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Sprouting of dormant buds on border treesAuthor(s): G.R., Jr. Trimble; H. Clay Smith; H. Clay Smith
Source: Res. Pap. NE-179. Upper Darby, PA: U.S. Department of Agriculture, Forest Service, Northeastern Forest Experiment Station. 8 p.
Publication Series: Research Paper (RP)
Station: Northeastern Research Station
PDF: Download Publication (1.21 MB)
DescriptionAs part of an evaluation of silvicultura1 systems used in managing Appalachian hardwoods, we are studying degrade of border trees surrounding harvest-cut openings made in the patch cutting and group selection systems. One facet of this research dealt with determining what portion of visually evident dormant buds on border tree boles sprouted when the openings were cut. Increased knowledge in this area, along with more information about other aspects of bole sprouting, should lead to forest practices better designed to protect log quality. As a result of this research on dormant buds, we learned that a higher proportion of buds sprouted on red oak than on yellow-poplar, that a higher proportion sprouted on exposed than on unexposed bole faces, that bud sprouting increased with height on the bole, and that most bud sprouting occurred in the growing season after release.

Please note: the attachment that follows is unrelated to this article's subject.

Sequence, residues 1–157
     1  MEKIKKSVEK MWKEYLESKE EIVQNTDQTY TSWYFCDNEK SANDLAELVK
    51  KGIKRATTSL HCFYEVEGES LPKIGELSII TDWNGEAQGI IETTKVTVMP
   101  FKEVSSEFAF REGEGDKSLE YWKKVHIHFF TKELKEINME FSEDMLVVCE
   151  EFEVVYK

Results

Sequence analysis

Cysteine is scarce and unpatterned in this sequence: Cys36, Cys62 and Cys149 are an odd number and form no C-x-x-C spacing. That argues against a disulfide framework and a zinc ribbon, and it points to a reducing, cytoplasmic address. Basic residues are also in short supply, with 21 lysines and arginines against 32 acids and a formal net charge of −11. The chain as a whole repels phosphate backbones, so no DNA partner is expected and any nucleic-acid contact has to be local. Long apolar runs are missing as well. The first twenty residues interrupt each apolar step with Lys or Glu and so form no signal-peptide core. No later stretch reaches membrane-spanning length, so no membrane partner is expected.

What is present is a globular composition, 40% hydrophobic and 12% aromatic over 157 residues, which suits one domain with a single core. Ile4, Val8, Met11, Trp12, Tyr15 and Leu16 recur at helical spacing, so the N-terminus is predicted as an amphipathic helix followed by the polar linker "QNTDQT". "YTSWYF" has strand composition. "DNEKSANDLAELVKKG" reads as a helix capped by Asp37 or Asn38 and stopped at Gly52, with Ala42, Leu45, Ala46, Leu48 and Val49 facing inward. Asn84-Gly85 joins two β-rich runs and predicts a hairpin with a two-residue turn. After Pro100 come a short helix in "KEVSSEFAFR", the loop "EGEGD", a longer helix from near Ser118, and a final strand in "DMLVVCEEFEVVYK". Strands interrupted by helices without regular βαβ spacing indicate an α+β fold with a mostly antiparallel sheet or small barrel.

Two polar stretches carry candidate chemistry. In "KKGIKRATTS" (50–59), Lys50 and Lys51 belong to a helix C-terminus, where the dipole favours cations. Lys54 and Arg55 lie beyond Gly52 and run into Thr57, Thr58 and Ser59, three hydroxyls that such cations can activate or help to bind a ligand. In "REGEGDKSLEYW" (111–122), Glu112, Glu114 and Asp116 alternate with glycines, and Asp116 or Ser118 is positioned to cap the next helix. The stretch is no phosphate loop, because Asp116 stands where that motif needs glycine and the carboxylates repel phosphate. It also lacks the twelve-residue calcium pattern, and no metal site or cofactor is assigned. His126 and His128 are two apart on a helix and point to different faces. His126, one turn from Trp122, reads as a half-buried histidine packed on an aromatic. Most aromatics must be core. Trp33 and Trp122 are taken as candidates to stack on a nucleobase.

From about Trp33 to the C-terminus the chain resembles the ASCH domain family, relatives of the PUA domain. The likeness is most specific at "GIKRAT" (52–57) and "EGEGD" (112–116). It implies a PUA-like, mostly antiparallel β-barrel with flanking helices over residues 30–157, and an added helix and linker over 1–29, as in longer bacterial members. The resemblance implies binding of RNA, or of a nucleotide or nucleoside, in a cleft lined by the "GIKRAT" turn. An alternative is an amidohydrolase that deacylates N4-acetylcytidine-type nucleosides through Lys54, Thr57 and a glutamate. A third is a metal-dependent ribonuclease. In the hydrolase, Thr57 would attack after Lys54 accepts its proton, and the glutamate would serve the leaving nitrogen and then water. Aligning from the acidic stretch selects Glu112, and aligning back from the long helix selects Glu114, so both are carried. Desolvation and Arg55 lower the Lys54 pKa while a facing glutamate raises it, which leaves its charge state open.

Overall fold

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CitationTrimble, G.R., Jr.; Smith, H. Clay. 1970. Sprouting of dormant buds on border trees. Res. Pap. NE-179. Upper Darby, PA: U.S. Department of Agriculture, Forest Service, Northeastern Forest Experiment Station. 8 p.
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